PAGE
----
Yahoo Mail has available addresses (under Settings> ) Security ), which are similar – there is a base name to which a secondary keyword is appended, such as email@example.com. Outlook.com also supports aliases, up to 10 per account. In Account Settings, search for " Account aliases ". If you have your own domain name, check the control panel of your web host. They probably have tools to create aliases galore.
If you need an alias for a short time, an available address is very convenient. Free services like GuerrillaMail.com and Mailinator create an address that you can only check for a short time.
Social (network) security
Should you value security when it comes to social networks like Facebook? One word: Duh. Facebook is not an altruistic nonprofit organization. It makes money by having many users looking at many ads. This sometimes means that you provide your data to questionable bodies. Also, you may not want all "friends" or their extended networks to know your entire business, or?
You can take several steps to restore the anonymity of Facebook. On a desktop, first open the Account menu at the top right and select Settings> Privacy . For each selection on this page, click the "edit" link to personalize who can see what, who you're friends with, and who you can look up. Make sure your posts are not discovered by search engines.
Finally, verify your contact information. Go to your General Account Settings and click "Edit" next to each entry again. Check the e-mail address and the entered phone numbers. Minimize the list of people who have access as much as possible to maximize anonymity.
If you need to completely leave Facebook, delete the account . If you disable it, your data will remain on the website for your potential return. Go to this page and follow the directions. It disables your account for two weeks, just in case you really, really, really did not mean it that way. After that it is gone. Nevertheless, some digital photos can linger.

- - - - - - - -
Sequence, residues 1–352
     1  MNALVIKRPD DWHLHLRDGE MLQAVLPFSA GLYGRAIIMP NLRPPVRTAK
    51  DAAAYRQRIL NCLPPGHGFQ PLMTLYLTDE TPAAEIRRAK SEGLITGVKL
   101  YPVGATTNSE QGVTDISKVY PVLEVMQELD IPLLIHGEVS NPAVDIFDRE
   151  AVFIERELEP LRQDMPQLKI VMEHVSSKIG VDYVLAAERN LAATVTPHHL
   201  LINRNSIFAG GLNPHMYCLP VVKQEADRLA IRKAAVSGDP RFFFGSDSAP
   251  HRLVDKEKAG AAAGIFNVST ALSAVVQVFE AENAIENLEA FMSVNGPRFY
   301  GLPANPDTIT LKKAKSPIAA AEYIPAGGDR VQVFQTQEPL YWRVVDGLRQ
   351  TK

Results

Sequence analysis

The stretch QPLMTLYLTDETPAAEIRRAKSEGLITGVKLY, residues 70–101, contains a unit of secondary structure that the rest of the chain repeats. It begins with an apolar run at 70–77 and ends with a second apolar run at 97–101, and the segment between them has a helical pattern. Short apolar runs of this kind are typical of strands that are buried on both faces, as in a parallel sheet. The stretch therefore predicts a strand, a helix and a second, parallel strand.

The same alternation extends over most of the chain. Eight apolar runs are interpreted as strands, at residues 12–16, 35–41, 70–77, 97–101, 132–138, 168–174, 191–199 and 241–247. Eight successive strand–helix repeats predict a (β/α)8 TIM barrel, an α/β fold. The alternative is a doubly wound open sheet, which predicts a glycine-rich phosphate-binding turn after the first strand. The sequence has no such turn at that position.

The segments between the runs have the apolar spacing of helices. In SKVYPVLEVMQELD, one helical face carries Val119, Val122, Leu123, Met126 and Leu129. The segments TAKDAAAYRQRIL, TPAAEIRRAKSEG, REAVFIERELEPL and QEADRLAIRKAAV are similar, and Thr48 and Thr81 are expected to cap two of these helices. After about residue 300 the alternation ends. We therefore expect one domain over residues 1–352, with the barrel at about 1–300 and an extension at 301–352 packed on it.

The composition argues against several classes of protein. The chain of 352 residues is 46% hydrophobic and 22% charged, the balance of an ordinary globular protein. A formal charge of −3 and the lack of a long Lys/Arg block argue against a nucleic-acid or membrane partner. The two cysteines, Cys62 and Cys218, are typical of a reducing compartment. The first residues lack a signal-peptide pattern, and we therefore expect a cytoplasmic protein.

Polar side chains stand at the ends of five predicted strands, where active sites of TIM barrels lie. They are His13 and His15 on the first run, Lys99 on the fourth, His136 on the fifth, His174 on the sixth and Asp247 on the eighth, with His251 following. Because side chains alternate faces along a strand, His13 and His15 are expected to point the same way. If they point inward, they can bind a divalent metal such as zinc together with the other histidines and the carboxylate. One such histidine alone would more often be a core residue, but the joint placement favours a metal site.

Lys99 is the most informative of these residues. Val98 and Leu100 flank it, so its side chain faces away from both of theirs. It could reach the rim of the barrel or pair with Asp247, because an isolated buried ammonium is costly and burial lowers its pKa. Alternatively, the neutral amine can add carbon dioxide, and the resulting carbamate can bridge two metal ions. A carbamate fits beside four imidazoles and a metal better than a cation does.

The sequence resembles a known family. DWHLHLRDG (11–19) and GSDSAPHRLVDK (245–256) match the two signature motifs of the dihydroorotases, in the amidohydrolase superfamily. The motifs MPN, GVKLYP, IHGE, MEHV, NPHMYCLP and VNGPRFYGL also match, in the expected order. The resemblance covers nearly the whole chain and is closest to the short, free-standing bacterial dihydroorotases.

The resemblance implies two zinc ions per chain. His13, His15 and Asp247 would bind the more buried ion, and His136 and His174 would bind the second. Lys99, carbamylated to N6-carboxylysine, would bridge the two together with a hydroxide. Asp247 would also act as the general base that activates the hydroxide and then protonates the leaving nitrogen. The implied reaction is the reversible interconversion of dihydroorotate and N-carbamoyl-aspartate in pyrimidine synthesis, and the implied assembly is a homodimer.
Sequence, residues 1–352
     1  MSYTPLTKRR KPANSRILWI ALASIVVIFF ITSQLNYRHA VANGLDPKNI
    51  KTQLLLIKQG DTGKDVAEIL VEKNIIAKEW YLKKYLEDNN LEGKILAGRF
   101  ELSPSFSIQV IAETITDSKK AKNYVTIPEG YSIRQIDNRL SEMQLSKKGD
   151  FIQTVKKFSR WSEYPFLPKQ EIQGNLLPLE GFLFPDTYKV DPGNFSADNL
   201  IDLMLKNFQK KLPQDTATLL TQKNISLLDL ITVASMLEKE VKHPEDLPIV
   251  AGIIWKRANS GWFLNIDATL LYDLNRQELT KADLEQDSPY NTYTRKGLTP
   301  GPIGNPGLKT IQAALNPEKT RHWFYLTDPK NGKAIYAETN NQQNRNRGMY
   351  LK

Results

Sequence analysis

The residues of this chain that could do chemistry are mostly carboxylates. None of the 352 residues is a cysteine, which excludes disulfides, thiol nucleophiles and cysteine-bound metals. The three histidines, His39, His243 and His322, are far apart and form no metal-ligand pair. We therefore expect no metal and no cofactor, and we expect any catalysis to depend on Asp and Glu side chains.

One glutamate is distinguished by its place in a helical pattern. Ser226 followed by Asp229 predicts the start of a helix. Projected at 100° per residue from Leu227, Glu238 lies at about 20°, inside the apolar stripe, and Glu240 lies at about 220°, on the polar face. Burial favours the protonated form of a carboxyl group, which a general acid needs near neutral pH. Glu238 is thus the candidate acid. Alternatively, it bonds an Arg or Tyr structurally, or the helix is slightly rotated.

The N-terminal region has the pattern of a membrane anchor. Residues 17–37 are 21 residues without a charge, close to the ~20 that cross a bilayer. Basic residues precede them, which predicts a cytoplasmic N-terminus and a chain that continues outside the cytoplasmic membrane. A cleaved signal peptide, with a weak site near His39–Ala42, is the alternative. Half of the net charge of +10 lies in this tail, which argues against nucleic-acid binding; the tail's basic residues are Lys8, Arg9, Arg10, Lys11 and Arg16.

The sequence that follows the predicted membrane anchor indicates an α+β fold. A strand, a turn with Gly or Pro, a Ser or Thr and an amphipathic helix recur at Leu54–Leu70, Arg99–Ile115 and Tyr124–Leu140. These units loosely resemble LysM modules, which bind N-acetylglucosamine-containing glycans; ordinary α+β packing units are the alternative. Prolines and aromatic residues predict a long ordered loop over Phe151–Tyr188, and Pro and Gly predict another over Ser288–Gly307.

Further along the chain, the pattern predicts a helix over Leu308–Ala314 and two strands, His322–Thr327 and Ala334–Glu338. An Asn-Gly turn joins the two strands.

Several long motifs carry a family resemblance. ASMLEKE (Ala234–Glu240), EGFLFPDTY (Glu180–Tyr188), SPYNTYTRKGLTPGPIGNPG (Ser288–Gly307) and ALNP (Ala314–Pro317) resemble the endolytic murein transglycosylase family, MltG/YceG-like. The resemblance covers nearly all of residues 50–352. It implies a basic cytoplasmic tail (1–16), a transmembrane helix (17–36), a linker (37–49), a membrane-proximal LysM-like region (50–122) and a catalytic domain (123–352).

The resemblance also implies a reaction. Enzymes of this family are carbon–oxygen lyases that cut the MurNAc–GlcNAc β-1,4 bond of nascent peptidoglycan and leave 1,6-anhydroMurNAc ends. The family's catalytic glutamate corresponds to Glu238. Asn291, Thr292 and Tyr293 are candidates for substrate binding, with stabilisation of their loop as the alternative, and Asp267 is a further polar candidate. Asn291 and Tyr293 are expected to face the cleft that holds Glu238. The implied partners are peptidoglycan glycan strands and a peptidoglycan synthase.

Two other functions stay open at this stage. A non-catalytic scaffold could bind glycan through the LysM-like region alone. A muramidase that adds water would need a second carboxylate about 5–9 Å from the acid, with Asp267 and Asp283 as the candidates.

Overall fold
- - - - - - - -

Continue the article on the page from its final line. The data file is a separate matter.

Go to LinkedIn to your face's preferences icon at the top right and select Settings & Privacy . Select the Privacy tab in the middle.
What about Twitter ? Do not list your website or real email in your profile. Make sure your password is different from other websites. This is generally good advice, but we know that people do not follow him, so we repeat him often. You really should be using Twitter, which had some security holes . You can also use Settings> Privacy and Security to protect your tweets so that only the followers you have authorized access to. Protected tweets are not searchable, can not be retweeted and you can not release permanent links with them for unauthorized followers] Any post online) is 100 percent secure – all you need is a "legal follower", to pick up a screen grave and share it with the world.
If you're worried about being tracked while surfing, you'll also need to unsubscribe from the above services, as well as from Microsoft, Google, Amazon, and Apple if you stop using these services. Otherwise, the ad servers, cookies, and so on, operated by them or their affiliates, know pretty much exactly where and when you go online at any time. Not logging off is a pain – and that's exactly what the big companies rely on.